Tuesday, August 11, 2015

Finland has less windpower than Vietnam!



Finland Produces Less Energy from Wind than Vietnam!
Finland is a progressive modern country that excels in promoting equality, social welfare, and public health.  Unfortunately one area where Finland has undertaken not so progressive policies is in renewable energy.

In wind power, Finland does not even appear in the GWEC (Global Wind Energy Council) 2011 study of installed wind power per million people.  The middle income Asian country of Vietnam even has more wind power installed per capita than Finland.  Finland’s Nordic neighbors of Sweden and Denmark have embraced wind as a power source and are leading the pack with Denmark ranked first and Sweden sixth.  The burning question is why does Finland not do more to enable wind power when it has the same natural endowment as Sweden and Denmark, strong and constant coastal winds?

According to an EU study on keeping on track with EU renewable energy targets. Finland needs work especially in the area of subsidies for private consumers in developing renewable energy from solar and wind sources.  The study also reports that some onshore wind power projects have been blocked by the Finnish Air Force due to defense radar interference.  Modifications to the radars can be made but this requires extra government expense.
This is not to say that Finland does not deserve recognition for their progress in renewable energy.  A recent YLE article touts Finland as ranked third in renewable energy use of all of the EU.  This is true according the EU source cited in the article of EU statistics of Share of Renewable Energy in Gross Final Consumption however when you look at the breakdown of electricity production, Finland still has much work to accomplish.

As you see in this graph from Statistics Finland for energy production in 2012 renewables made up an impressive share of electricity use of 41%.  Most of this has come from hydropower, and biofuels from wood, peat and black liquor (a byproduct in paper pulp production).   I would submit that biofuels are less preferable to other renewables such as sun and wind because they are less carbon neutral: they must be burned to produce energy.  Also, black liquor depends on the paper industry which is vulnerable to price fluctuations in paper.  Therefore the Finnish government should support more renewable power from wind, a natural resource it has in abundance, especially in the coastal areas of Finland and in the North tundra. 
Instead of recognizing this potential for wind power, plans for a new nuclear power plant have been recently approved and the subsidies for wind power are on the cutting list of the new government according to the Finnish Wind Power Association.  This will make wind produced energy much less competitive on the electricity market.

My point here in renewable energy production is that a heavy reliance on biofuels is not a good long term solution.  Biofuels produce more emissions when they are burned which is still causing climate change.  Finland must adopt more progressive policies toward wind power, its greatest potential in renewable energy.  At least Finland could modify its defense radar systems in order to enable more onshore wind parks.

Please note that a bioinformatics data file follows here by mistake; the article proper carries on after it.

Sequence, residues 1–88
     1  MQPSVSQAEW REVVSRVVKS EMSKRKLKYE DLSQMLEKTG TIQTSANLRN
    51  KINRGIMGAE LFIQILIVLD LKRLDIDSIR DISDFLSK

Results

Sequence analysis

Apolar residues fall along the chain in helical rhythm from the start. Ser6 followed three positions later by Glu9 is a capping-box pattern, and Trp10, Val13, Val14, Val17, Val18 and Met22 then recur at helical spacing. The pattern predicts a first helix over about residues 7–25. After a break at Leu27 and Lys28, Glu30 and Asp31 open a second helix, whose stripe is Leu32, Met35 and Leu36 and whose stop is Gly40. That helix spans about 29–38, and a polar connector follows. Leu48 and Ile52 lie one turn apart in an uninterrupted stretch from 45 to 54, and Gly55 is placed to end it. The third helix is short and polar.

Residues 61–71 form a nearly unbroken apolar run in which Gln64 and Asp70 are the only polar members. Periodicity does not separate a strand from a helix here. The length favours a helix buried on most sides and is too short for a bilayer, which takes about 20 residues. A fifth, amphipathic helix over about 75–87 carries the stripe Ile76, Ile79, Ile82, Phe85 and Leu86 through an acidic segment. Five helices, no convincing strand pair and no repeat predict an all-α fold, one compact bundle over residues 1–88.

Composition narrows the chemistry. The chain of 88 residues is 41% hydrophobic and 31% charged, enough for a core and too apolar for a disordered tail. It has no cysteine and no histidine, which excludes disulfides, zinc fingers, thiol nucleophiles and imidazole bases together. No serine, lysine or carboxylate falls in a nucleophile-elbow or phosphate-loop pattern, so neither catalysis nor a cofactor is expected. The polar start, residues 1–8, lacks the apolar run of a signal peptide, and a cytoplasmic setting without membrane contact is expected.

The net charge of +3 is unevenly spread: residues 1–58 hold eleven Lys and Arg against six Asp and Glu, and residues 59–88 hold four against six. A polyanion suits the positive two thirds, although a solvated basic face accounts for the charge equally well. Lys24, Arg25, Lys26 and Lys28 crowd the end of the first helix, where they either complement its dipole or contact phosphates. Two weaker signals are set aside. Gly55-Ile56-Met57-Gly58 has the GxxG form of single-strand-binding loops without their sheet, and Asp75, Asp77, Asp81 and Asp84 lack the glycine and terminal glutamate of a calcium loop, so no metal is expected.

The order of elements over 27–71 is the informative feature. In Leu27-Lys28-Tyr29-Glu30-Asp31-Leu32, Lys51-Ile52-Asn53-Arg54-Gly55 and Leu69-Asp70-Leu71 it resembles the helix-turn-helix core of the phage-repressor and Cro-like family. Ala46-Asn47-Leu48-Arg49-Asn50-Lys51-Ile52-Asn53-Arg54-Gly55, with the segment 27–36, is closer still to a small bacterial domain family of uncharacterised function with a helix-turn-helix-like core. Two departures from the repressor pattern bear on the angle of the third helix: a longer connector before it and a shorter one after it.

More to follow on these topics.  Thank you for your attention.  All comments and evidence based arguments are welcome.



2 comments:

  1. Interesting blog, Kirk.

    I have no problem with so-called renewable (a misnomer) energy sources like wind and solar per se. They have obvious niche uses like individual homes, remote places, etc. and may have a bigger future as technology gets better. But they aren't remotely close to powering an industrial society, yet. They are intermittent and unreliable, which is why Germany must back its solar and wind with coal-powered energy (which is very inefficient).

    Moreover, "renewables" have a low energy density, meaning you have to cover thousands of acres with windmills and solar panels to get meaningful power. This, of course, is detrimental to the environment of the land (or sea) and animals in that area, not to mention the rare earths, steel and iron needed to capture energy from solar and wind. In fact, wind power requires about 4 times more inputs of steel and concrete per megawatt output than coal. According to a UC Berkeley report:

    ". . . a typical wind energy system operating with 6.5 meters per-second average wind speed requires construction inputs of 460 MT of steel and 870 m3 of concrete per average MW(ave). Coal uses 98 MT of steel and 160 m3 of concrete per average MW(ave); and natural-gas combined cycle plants use 3.3 MT steel and 27 m3 concrete." (http://fhr.nuc.berkeley.edu/wp-content/uploads/2014/10/05-001-A_Material_input.pdf)

    Indeed, I wouldn't be surprised if the amount of concrete needed to construct wind towers more than offset any savings of CO2 from using wind (since the concrete industry is one of the largest producers of CO2, according to Wikipedia). If one is concerned about an energy source's "carbon footprint," this should be taking into consideration.

    In my opinion, nuclear is the only viable alternative to fossil fuels for the near to medium-term future (Elon Musk notwithstanding). It is high-density, scalable, reliable, clean and the safest fuel around when properly engineered (even using technology from the 1950s, like we do now). If cutting CO2 emissions is your goal, maybe you should be working to ramp up nuclear power production instead of wind.

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